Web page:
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A city is populated entirely by infinitely logical drivers (I know, it's hypothetical :) .

This city has two major N-lane highways (N > 1) which intersect each other at a traditional interchange (there's one exit lane at the right side of the road). This is a busy intersection and a backup of some length is expected on all lanes.

At any given time, a ratio X (0<X<1) has to transfer from one highway to the other. They have to therefore get into the rightmost lane to exit the highway.

The question is this. Assume that the lanes are numbered from right to left (the exit lane is 1, the one adjacent to it is 2, and so forth up to N).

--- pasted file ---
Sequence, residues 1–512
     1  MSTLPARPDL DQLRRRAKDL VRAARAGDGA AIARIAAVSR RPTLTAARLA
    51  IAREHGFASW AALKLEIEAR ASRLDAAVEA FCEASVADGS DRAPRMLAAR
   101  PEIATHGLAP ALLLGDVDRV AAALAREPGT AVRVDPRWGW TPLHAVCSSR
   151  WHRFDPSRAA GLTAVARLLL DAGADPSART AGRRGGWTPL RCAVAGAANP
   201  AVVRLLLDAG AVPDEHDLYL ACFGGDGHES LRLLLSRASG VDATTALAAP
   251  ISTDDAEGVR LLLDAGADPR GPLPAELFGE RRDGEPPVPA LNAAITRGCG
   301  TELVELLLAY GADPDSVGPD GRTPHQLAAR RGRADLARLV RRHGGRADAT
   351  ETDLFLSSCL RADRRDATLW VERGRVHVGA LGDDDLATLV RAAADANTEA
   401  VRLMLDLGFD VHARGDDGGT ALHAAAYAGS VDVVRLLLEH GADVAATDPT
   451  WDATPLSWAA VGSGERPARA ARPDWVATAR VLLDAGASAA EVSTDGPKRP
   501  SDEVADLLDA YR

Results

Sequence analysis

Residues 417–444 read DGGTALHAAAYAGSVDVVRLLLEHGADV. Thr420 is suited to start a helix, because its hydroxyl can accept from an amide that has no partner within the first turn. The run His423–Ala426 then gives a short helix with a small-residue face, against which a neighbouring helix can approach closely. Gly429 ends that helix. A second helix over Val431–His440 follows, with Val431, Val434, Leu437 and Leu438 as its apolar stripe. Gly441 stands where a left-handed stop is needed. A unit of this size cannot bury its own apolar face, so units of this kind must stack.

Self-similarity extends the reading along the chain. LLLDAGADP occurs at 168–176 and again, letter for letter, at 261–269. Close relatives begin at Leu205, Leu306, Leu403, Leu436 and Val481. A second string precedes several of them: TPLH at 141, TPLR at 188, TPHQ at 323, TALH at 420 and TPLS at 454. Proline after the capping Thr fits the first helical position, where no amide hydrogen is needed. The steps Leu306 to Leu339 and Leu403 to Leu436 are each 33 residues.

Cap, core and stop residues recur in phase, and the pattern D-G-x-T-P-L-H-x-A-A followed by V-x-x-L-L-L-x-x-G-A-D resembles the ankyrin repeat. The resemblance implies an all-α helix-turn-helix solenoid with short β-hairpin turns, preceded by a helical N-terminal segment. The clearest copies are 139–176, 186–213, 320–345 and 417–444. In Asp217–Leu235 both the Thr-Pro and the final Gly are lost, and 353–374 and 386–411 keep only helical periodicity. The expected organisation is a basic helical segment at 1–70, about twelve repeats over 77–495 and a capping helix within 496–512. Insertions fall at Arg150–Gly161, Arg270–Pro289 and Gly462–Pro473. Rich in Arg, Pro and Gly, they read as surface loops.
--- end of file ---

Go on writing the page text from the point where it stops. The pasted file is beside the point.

If you are an infinitely logical driver, which lane do you choose to get to your destination the fastest? There are two cases: (1) you are planning to take the exit ramp, and (2) you are planning to not take the exit ramp.

You may change lanes until you reach the traffic jam, at which point you're more or less stuck in whichever lane you choose (unless you're forced at some point to get into the rightmost lane to exit the highway).

This is trickier than it sounds. Suppose you decide that since everyone is going to be trying to merge into the lane 1 to exit the highway, you want to get to lane N, as far away as possible. The net result is that everyone will jam up in lane N.

What about randomization? Randomization may work, except that you'll need a weighted randomization algorithm to avoid lane 1 or something like that if you're trying to stay on the highway.

For people getting off the highway, an obvious solution would be to use lane 2 and drive by all the people expected to be stalled on 1 until the last minute. Of course, since everyone is logical, then lane 2 will back up.

Any ideas?

ACG